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Study: Researchers investigate gaps in health inequities in underserved areas

Article

The investigators explained that deficient ophthalmologic care is costly to patients, making the identification of groups not receiving adequate care of vital importance

Deficient ophthalmologic care is costly to patients, making the identification of groups not receiving adequate care of vital importance.

Deficient ophthalmologic care is costly to patients, making the identification of groups not receiving adequate care of vital importance.

A team of researchers, led by Christian Hemmerich, BS, from the Office of Medical Student Research, Oklahoma State University Center for Health Sciences, and the Department of Psychiatry and Behavioral Sciences, Oklahoma State University Center for Health Sciences, Tulsa, Oklahoma, reported research gaps regarding health inequities that were “substantial” in association with the lesbian, gay, bisexual, transgender, and queer (LGBTQ) community, and race and ethnicity, and the role of telemedicine in rural and under-resourced areas in the US.1

"The current landscape of equity in ophthalmic care has yet to be thoroughly investigated and is important to ensure inclusivity and patient-centered care," according to investigators.

Hemmerich reported that the team searched the literature from 2016 to 2021. The search modeled the NIH’s list of designated US health inequity populations and included income, education level, occupational status, rural and under-resourced areas, LGBTQ identity, and race and ethnicity, the last of which included American Indian and Alaska Native, Asian, and Native Hawaiian and other Pacific Islander individuals.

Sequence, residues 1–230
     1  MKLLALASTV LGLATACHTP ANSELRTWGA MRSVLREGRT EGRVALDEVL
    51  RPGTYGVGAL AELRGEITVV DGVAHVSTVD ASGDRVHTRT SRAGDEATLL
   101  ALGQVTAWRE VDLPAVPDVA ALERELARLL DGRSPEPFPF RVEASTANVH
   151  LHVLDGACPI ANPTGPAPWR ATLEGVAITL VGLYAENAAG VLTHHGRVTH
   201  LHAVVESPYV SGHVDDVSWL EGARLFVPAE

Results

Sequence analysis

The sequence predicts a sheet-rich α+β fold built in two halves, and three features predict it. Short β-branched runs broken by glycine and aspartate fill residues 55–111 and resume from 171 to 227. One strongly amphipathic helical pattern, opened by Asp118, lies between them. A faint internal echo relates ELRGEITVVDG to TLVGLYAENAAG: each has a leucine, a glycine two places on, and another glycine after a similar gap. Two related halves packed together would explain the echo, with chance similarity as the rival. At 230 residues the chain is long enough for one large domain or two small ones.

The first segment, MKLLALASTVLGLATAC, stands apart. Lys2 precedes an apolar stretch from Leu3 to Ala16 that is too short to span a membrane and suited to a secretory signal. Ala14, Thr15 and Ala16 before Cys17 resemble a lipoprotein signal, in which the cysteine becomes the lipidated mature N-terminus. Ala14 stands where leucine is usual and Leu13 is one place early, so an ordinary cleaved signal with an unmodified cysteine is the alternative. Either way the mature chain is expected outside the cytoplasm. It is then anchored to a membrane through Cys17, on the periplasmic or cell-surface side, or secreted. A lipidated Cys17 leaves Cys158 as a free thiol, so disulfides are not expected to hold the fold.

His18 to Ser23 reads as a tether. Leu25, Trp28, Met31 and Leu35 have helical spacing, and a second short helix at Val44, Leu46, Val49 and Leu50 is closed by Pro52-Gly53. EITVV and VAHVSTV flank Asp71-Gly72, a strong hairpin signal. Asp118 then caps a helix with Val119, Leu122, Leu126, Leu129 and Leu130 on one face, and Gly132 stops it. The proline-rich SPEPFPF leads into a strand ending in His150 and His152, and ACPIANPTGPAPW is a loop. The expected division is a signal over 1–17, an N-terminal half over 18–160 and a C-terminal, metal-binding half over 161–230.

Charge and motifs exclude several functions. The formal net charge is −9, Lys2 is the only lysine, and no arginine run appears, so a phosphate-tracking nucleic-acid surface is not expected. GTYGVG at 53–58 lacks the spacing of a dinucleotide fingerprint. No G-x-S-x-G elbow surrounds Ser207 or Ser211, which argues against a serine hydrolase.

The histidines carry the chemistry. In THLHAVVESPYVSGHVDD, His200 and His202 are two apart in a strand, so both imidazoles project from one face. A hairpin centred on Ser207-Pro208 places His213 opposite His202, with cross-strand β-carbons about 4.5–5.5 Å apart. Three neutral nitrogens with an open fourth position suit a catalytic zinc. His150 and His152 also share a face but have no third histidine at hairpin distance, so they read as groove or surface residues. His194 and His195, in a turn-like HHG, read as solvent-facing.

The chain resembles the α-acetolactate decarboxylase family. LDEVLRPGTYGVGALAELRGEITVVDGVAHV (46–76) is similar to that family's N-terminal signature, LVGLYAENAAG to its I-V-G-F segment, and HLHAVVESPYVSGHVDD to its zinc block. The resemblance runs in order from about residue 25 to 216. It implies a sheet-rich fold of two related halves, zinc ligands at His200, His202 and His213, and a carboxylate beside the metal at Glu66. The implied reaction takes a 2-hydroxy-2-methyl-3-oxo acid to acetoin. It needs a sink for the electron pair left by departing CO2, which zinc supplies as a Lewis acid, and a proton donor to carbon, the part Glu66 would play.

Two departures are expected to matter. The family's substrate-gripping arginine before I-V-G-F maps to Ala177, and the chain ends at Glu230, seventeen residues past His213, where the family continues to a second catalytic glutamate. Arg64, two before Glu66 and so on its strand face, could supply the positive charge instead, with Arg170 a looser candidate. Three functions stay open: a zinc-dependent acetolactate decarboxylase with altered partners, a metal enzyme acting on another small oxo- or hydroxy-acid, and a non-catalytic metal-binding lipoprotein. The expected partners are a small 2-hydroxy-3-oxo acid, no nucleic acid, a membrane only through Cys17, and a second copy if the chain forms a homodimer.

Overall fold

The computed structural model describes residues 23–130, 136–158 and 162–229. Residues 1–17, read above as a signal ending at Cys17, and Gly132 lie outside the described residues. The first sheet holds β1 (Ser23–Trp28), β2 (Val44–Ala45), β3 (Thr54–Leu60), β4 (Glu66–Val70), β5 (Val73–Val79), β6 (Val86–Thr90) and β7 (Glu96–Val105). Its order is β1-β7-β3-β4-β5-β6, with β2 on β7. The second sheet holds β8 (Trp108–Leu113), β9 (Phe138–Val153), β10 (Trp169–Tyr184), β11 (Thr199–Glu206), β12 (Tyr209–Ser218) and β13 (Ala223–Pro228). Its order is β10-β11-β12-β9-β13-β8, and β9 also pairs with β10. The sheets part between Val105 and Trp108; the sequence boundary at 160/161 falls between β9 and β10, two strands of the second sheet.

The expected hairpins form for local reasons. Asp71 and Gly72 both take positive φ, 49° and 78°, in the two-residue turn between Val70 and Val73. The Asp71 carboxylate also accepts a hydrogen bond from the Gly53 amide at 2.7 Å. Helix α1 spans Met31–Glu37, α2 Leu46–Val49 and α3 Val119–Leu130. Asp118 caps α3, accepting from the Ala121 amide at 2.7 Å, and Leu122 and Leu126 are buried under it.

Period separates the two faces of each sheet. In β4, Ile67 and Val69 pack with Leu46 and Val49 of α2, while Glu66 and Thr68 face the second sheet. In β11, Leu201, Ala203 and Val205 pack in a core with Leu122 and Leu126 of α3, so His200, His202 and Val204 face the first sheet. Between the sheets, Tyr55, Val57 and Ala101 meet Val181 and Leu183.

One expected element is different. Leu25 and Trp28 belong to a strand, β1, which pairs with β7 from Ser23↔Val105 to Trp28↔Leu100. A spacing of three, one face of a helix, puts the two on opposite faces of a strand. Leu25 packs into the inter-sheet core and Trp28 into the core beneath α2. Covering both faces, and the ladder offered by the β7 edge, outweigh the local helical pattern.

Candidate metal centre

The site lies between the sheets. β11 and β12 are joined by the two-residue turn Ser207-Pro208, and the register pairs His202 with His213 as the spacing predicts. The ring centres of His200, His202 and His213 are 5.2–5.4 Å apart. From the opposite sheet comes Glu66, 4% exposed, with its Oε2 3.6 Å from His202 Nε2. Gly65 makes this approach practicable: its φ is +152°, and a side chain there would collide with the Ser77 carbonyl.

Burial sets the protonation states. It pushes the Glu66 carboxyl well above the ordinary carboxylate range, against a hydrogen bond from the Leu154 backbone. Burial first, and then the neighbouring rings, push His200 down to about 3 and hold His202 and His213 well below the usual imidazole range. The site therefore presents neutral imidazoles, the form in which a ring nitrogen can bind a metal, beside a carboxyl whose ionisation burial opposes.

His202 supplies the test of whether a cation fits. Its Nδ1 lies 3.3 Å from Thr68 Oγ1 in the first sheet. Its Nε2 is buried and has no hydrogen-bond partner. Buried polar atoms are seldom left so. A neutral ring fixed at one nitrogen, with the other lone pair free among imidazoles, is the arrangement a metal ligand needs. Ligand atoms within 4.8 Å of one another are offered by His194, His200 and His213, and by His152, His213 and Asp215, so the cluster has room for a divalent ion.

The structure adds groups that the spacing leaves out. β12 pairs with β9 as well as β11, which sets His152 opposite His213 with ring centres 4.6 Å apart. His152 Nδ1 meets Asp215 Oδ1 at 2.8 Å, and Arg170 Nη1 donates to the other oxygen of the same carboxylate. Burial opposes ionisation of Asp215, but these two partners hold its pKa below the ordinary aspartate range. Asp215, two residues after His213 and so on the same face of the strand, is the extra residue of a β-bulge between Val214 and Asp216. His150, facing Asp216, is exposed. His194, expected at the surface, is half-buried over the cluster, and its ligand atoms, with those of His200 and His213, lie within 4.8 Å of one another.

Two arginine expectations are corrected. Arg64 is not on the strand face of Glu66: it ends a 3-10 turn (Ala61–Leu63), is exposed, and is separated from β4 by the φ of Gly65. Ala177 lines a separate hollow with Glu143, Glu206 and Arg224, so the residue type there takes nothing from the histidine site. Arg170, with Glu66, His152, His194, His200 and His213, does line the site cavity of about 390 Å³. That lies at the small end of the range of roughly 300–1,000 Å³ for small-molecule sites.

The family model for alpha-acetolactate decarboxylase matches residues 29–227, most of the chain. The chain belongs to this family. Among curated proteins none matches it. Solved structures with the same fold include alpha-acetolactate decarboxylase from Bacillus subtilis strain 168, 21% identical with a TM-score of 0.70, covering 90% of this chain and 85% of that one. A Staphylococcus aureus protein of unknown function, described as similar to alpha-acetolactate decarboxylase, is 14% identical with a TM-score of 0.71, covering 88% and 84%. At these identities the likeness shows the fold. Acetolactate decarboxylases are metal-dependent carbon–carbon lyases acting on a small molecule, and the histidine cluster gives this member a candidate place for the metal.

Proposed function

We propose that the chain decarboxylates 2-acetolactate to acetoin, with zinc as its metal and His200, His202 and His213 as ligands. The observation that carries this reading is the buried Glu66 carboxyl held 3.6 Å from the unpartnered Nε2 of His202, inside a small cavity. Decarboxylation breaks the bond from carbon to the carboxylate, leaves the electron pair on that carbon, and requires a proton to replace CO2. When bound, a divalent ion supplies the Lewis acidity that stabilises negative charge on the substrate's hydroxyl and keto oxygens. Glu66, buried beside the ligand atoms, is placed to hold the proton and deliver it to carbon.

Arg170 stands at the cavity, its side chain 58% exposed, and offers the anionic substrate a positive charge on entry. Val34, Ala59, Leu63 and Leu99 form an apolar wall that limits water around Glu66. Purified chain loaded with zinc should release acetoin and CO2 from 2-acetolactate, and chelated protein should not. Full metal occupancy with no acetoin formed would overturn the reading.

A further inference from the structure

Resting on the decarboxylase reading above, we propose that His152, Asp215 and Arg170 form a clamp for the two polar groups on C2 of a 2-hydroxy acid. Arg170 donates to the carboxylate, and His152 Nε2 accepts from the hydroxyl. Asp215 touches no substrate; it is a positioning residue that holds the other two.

The articles were included if they were ophthalmic studies that discussed health inequities.

Ultimately, of 8170 abstracts and titles screened in the review, 75 publications were included.

“Notable inequities were found among Black and Hispanic patients associated with negative ophthalmic outcomes and mixed associations regarding sex or gender,” investigators pointed out. “Overall, lower-income patients were more likely to have vision impairment, use eye care services less, and have lower adherence to eye examinations.”

The results did not identify any articles that examined LGBTQ inequities among ophthalmology patients since the 2016 NIH classification of sexual and gender minority populations.

The study identified substantial research gaps in the ophthalmic literature regarding the LGBTQ community, race and ethnicity, and rural and under-resourced areas.

“Because of the importance of ophthalmic care in overall patient health, it is vital to understand the various inequities present and strive to improve the current gaps in the literature,” investigators concluded. “Future studies should (1) examine barriers to clinical study and medical trainee recruitment as well as patient values and preference studies and (2) investigate the implementation of telemedicine in under-resourced areas.”

Reference

Hemmerich C, Jones G, Staggs J, et al. Inequities and research gaps in ophthalmology. A scoping review. JAMA Ophthalmol. Published online December 8, 2022. doi:10.1001/jamaophthalmol.2022.5237

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